Question: What I'm I doing wrong and I'm getting the below error message when trying to list my database's tables?




















Answer: Are you ready for the simplest explanation ever? :)

The reason is that -most probably- (hey, you never know) you are using a SQL Server login that has conflicting permissions.

More specifically: The login you with which you are connected to the SQL Server instance, has the db_denydatareader database role assigned. This means, that whatever else database role the login has assigned to it, even db_owner, the db_denydatareader will be in conflict thus not allowing to access certain resources of the database.

How to fix that: If it is OK with your security requirements, remove the db_denydatareader role from the login. After that, you will be able to access the mapped database (if course the rest of the required permissions are in place).

Similarly, have in mind that you get the same behavior if you have write access to the database but also have the db_denydatawriter database role assigned to the login.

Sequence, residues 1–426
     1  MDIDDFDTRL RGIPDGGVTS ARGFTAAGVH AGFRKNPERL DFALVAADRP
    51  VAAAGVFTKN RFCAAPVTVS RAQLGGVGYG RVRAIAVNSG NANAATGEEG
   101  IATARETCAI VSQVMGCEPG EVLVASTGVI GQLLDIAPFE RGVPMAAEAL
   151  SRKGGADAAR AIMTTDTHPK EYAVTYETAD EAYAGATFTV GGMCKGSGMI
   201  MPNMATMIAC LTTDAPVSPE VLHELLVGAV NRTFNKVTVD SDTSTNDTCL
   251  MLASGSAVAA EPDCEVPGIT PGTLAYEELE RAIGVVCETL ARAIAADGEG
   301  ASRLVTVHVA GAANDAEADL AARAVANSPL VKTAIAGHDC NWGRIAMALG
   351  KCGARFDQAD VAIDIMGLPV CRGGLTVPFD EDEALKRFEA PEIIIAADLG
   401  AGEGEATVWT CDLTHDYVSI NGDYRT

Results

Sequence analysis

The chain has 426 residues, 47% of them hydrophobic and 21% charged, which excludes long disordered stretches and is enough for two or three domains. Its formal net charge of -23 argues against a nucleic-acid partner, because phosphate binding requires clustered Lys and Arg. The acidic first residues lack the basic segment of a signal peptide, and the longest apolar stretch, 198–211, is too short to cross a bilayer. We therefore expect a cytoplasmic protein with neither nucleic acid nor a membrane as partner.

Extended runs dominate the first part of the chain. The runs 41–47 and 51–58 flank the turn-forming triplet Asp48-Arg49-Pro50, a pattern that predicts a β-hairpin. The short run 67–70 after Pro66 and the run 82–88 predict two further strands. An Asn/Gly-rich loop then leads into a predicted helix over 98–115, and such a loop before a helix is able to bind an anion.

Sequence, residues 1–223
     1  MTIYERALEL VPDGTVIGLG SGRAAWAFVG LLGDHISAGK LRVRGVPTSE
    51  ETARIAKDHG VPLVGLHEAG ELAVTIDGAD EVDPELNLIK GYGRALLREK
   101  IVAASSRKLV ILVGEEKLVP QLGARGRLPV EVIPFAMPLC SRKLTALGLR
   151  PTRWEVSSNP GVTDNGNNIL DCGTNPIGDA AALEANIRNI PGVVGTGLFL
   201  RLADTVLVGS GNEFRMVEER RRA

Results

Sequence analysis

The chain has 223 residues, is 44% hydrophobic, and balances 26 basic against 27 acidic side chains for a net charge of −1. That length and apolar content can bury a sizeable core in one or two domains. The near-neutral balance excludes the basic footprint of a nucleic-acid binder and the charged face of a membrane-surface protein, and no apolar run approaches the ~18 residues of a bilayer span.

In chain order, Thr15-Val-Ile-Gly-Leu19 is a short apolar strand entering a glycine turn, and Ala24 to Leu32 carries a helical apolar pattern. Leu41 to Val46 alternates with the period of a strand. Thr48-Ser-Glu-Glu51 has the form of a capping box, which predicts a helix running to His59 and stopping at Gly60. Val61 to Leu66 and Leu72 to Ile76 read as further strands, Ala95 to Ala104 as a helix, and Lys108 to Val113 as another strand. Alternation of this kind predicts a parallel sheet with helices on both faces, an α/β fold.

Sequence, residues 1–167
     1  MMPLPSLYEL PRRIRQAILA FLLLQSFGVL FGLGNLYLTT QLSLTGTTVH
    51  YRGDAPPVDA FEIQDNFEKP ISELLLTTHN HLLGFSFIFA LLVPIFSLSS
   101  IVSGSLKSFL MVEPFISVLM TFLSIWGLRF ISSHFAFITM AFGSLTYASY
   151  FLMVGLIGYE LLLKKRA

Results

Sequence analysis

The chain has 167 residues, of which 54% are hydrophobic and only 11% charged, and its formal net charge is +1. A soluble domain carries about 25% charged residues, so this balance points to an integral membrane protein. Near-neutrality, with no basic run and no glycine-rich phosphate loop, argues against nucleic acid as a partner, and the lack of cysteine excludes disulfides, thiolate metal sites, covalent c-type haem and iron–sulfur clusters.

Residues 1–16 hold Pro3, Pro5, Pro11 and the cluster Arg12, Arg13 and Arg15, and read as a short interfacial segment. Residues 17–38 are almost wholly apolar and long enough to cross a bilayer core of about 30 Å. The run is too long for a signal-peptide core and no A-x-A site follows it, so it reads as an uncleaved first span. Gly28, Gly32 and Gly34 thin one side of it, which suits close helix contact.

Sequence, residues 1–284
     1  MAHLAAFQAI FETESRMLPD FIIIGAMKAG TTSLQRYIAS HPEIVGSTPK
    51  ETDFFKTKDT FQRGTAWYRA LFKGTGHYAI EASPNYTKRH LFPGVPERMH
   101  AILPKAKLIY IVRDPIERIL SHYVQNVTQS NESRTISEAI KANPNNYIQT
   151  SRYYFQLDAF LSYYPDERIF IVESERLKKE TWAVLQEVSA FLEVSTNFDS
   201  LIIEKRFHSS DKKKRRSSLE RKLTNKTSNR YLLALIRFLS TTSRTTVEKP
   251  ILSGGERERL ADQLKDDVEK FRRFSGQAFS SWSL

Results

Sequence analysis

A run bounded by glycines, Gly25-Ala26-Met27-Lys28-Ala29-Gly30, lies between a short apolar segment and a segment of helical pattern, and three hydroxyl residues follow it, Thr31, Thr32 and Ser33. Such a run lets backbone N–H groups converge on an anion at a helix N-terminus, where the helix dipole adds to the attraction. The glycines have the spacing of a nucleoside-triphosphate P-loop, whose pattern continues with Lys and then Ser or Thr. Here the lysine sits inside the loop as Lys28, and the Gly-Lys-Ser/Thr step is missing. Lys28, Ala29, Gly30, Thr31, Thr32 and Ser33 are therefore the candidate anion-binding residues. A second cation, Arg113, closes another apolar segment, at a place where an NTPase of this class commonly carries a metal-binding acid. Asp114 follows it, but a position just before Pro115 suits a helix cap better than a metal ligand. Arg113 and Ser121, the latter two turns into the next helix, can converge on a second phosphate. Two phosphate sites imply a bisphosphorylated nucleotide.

In general, be careful with the database roles you assign to any login and avoid giving conflicting accesses.


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Tuesday, October 13, 2015

In-Memory OLTP: Comparison of Features/Limitations between SQL Server 2014 and SQL Server 2016

In earlier articles I talked about the In-Memory OLTP Engine in SQL Server 2014. Even though it is very powerful, it had some limitations (note the past tense of "have" here as I have some good news! :)

For example you couldn't use subqueries in the clauses of a SELECT statement inside a natively-compiled stored procedure, or nested stored procedure calls, etc.

Here's the good news: SQL Server 2016 (currently CTP 2.4) lifted all these limitations and provides far more support for In-Memory OLTP, thus making it much easier to use this cool technology.

The table below summarizes the features/limitations of the in In-Memory OLTP Engine in SQL Server 2014 against SQL Server 2016:


Feature / Limitation SQL Server 2014 SQL Server 2016 CTP2
Maximum memory for memory-optimized tables Recommendation (not hard limit): 256 GB Recommendation (not hard limit): 2TB
Collation support Must use a *_BIN2 collation for:
(i) Character columns used as all or part of an index key.